Ancient Islands Sierra activists urged the Polk County Commission for decades to enact a stormwater tax to tackle the historic pollution threats to local lakes and rivers.
After some false starts, commissioners finally passed the tax about a decade ago and appointed a technical committee to review potential projects to make sure they money was being spent effectively. This was similar to the committee that reviewed environmental lands purchases.
A report Tuesday from David Carter, the technical committee’s chairman, vindicates the environmental benefits that we advocated for so many years to bring to reality.
The Lake Gwyn project in Wahneta, which treats lake stormwater discharges from sections of the Winter Haven area, has reduced nitrogen pollution by 30 percent and phosphorous discharges by 59 percent.
A nearly completed project near Lake Conine in Winter Haven will eliminate the last direct discharge into the lake via a ditch system built many decades ago when that was standard practice and a common cause of surface water pollution.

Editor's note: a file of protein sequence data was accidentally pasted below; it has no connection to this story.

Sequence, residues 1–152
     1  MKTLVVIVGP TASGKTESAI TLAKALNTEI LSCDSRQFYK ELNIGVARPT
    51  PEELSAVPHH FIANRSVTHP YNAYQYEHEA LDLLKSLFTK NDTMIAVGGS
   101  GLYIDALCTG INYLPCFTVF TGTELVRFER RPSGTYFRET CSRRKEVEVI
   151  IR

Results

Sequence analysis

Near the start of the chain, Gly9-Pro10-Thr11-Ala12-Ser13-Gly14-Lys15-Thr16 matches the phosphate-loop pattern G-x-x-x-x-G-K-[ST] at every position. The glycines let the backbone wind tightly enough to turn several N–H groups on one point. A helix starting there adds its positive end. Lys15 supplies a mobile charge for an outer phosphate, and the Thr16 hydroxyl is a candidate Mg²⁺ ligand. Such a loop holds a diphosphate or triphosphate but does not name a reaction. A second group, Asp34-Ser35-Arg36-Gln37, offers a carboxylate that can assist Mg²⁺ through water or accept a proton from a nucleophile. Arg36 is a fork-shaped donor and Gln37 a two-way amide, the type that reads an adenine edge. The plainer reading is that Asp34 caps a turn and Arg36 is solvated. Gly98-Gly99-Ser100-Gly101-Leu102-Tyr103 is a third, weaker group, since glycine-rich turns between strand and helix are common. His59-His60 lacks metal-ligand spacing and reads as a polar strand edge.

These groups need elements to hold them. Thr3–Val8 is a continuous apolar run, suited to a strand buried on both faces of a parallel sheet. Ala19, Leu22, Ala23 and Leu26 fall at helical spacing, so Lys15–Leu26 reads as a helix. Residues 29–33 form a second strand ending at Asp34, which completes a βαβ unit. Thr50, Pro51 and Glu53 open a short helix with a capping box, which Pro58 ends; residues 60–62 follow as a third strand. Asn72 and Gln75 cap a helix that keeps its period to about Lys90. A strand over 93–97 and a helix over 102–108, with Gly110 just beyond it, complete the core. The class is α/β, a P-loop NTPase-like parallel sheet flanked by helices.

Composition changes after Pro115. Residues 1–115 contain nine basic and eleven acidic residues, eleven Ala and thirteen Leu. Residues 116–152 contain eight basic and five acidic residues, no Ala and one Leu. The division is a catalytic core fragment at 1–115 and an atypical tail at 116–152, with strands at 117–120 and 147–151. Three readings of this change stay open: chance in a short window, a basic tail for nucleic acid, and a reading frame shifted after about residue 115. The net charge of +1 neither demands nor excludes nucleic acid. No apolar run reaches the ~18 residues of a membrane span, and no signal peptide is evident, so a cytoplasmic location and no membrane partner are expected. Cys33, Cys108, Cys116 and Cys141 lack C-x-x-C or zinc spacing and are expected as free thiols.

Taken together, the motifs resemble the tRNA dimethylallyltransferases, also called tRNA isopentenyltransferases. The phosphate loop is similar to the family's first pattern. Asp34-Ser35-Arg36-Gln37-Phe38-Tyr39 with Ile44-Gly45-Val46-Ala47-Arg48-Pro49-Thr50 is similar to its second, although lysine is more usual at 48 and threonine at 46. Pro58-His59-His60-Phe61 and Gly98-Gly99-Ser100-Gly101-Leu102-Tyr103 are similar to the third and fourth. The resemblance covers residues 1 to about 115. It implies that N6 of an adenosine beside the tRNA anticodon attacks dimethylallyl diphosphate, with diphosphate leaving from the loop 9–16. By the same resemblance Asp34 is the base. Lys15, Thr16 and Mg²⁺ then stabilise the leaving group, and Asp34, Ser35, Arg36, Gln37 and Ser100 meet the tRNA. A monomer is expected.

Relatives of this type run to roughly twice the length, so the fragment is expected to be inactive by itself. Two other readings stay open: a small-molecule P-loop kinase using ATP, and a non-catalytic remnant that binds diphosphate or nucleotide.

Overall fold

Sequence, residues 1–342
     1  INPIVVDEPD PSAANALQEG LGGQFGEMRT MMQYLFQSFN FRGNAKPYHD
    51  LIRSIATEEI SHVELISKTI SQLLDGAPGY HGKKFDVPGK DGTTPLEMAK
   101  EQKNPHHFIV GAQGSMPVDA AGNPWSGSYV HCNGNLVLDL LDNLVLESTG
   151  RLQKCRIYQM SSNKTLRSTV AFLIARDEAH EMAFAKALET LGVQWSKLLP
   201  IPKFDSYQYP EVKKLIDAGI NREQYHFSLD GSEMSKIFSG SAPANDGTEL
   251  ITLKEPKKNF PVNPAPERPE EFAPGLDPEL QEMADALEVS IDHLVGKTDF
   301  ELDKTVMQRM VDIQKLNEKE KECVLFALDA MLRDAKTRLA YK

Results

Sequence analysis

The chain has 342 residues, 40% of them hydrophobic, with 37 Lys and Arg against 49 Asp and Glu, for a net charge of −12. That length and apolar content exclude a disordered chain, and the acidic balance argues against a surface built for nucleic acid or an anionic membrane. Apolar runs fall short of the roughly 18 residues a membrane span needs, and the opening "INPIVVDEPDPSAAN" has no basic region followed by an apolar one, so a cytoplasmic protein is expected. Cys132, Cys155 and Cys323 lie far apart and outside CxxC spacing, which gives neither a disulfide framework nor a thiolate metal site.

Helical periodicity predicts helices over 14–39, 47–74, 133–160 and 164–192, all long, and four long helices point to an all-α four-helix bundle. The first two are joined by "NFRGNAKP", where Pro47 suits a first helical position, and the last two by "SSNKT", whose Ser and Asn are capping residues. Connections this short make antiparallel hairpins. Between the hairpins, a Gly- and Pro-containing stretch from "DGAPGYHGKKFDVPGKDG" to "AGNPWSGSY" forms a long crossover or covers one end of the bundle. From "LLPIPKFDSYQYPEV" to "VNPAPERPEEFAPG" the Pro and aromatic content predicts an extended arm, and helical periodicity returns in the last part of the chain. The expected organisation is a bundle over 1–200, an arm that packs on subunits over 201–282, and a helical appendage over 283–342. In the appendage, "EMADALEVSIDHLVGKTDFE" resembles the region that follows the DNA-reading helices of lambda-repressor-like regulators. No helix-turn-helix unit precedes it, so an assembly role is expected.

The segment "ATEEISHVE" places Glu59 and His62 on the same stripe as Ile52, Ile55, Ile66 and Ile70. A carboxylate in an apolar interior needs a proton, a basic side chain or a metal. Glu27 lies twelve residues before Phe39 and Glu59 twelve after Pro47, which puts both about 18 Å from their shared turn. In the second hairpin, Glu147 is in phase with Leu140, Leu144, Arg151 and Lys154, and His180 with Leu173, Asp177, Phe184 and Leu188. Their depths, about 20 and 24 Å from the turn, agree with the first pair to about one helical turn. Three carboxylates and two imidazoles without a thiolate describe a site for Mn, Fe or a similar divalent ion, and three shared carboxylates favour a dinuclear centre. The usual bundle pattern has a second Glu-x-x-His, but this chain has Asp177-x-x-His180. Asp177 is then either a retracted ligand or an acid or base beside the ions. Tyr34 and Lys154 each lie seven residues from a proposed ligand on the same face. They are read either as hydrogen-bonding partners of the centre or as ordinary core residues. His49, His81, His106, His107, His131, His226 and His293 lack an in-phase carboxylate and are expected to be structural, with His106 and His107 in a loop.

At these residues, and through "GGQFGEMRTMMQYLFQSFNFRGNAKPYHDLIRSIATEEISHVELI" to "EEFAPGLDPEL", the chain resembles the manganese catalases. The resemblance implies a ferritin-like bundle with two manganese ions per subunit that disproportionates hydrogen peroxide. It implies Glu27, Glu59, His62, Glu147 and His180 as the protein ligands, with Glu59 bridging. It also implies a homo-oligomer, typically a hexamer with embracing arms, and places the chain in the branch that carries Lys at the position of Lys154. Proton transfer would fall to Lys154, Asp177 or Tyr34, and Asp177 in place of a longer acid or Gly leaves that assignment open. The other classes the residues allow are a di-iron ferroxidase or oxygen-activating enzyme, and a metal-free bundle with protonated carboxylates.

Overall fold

A project under way west of Crooked Lake, Polk’s only water body designated an Outstanding Florida Water, will restore wetlands and treat water that historically flowed into the lake via agricultural drainage ditches.
Work is under way on a state-mandated 20-year stormwater needs analysis and training county staff to conduct further work, such as a lake vegetation analysis.
Meanwhile, the majority of the 108 lakes local officials monitor are either improving or retaining their existing water quality.
This wouldn’t have been possible with funding from the stormwater tax.
Also, like the Polk County Environmental Lands Program, when governments have a serious, dependable funding source to address a problem, this allows them to leverage that funding to form partnerships with other agencies to further the program’s goals and stretch the dollars.
This has been a success story that should be celebrated as a victory for the vision of the local environment community.